As we increasingly take stock of where the narrative of limitless material progress through global techno-capitalism has brought us two decades into the 21st century, the voices of creative writers and thinkers are enabling us to explore through fiction, non-fiction and film, what the science is telling us.  The Sea and the Summer foreshadows the famous line in the Game of Thrones—’Winter is coming’.

Not all and every spire of the Old City lay beneath the bay. The melting of the Antarctic ice cap had been checked as the polluted atmosphere rebalanced its elements and the blanket of global heat dissipated; the fullest rise of the ocean level had been forestalled though not soon enough to avert disaster to the coastal cities of the planet.

Meanwhile on Sunday, we settled into a discussion based on Charles Massey’s Call of the Reed Warbler: A New Agriculture for a New Earth (UQP 2017).  However, as my friend Patience Hook, who joined us on Sunday has said, what is remarkable about this book is that it is about so much more than agriculture—it is the description of his own journey of redemption, as a farmer in the imported European tradition of extractive-industrialised agriculture which has wreaked havoc on the fragile soils and ecosystems of the Australian landscapes.  Meanwhile Aboriginal people had been living here continuously for at least 60,000 years through major climatic changes, right back to the time of the giant marsupials. Their understanding of the landscape was ignored. Their knowledge, seen through the lens of European assumptions of racial and technological superiority, consigned them to the dustbin of evolutionary failure. Charles Massey concludes:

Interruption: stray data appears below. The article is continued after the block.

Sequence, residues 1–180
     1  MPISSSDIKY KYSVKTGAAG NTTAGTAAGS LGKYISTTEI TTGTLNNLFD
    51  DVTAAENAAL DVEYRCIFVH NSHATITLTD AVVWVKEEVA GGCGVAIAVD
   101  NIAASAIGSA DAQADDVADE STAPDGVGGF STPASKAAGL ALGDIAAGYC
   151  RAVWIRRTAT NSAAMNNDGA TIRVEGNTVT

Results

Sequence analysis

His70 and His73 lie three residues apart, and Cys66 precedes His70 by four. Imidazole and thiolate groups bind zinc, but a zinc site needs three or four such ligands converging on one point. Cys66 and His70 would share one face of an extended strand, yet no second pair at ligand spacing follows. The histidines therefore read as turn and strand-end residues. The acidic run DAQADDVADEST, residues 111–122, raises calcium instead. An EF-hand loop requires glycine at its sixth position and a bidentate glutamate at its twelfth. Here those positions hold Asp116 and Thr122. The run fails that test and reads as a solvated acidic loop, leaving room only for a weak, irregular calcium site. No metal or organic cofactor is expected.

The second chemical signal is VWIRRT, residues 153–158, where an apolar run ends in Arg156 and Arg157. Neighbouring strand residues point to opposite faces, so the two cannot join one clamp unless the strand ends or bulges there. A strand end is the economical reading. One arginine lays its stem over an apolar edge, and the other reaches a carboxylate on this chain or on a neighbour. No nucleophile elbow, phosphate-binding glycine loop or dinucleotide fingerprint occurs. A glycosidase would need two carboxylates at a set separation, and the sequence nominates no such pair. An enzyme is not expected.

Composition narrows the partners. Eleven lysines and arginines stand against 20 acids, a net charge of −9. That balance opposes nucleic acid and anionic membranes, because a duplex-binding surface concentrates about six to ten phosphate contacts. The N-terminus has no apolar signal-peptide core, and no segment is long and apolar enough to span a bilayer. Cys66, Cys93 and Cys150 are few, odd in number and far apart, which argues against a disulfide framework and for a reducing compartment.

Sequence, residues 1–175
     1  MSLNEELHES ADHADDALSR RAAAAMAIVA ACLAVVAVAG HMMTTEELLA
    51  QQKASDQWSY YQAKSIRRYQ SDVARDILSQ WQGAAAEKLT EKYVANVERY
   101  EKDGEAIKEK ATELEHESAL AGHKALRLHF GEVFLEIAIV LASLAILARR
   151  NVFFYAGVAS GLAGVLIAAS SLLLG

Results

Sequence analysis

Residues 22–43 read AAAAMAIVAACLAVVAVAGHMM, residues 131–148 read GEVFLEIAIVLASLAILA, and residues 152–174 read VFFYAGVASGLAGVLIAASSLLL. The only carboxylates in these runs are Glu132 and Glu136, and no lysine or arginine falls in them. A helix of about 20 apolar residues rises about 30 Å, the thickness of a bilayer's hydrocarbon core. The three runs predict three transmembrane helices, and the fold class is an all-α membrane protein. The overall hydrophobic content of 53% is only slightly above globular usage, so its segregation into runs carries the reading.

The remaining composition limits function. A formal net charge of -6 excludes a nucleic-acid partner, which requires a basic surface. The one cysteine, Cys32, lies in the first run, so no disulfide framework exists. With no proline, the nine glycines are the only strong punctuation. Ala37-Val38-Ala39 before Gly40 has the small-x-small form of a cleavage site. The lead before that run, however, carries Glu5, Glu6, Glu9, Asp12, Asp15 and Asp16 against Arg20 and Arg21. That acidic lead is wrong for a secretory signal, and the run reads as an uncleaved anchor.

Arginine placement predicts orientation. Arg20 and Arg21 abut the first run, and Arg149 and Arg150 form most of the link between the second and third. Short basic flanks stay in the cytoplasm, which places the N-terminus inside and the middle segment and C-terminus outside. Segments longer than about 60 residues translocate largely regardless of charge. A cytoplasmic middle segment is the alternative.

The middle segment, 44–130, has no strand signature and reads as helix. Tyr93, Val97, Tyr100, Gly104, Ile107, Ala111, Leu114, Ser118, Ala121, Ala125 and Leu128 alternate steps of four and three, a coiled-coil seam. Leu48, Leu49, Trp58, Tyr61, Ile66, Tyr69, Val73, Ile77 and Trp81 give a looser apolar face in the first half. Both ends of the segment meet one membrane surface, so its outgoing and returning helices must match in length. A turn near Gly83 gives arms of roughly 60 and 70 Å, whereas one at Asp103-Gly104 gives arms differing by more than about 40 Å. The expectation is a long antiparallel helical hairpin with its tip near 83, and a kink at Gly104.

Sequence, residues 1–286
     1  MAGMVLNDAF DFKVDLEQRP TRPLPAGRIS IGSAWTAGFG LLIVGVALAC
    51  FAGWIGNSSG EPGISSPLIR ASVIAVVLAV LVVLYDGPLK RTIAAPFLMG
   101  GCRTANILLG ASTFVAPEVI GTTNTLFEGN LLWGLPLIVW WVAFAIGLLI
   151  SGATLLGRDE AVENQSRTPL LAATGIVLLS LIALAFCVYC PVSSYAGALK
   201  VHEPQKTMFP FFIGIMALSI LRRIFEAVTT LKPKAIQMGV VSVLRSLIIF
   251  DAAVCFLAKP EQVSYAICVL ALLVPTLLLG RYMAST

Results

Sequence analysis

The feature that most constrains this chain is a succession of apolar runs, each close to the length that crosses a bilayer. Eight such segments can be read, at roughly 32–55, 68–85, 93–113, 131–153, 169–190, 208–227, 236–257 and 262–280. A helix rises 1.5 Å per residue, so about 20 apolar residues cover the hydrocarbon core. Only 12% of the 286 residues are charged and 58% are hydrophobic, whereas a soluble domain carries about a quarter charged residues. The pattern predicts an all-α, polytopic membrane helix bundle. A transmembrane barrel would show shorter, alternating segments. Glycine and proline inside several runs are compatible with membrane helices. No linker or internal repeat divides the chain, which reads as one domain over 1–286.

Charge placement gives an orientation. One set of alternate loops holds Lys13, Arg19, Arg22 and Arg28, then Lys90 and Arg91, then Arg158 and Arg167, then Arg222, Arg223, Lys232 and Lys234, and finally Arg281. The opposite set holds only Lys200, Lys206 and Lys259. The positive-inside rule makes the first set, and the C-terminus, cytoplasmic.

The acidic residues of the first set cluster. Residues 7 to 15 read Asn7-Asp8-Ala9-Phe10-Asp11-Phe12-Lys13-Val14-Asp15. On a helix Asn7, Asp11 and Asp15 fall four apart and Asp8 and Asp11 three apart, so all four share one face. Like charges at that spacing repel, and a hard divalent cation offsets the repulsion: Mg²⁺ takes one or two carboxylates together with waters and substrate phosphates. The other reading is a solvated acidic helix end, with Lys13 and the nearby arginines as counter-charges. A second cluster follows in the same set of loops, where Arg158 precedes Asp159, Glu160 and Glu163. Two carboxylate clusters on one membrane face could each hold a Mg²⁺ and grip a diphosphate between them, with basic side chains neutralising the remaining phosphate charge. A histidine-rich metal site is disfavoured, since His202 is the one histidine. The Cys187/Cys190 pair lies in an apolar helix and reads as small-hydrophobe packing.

One thing stands out clearly from the destructive and tragic events of the post-1788 invasion: the face, substance and functioning landscapes of Australia were radically changed.  Indeed, in many places the ancient nature-writing was largely erased.  Stamped in its place over vast swathes was a hugely altered land of simplified monoscapes and biota, of destruction and functional degradation.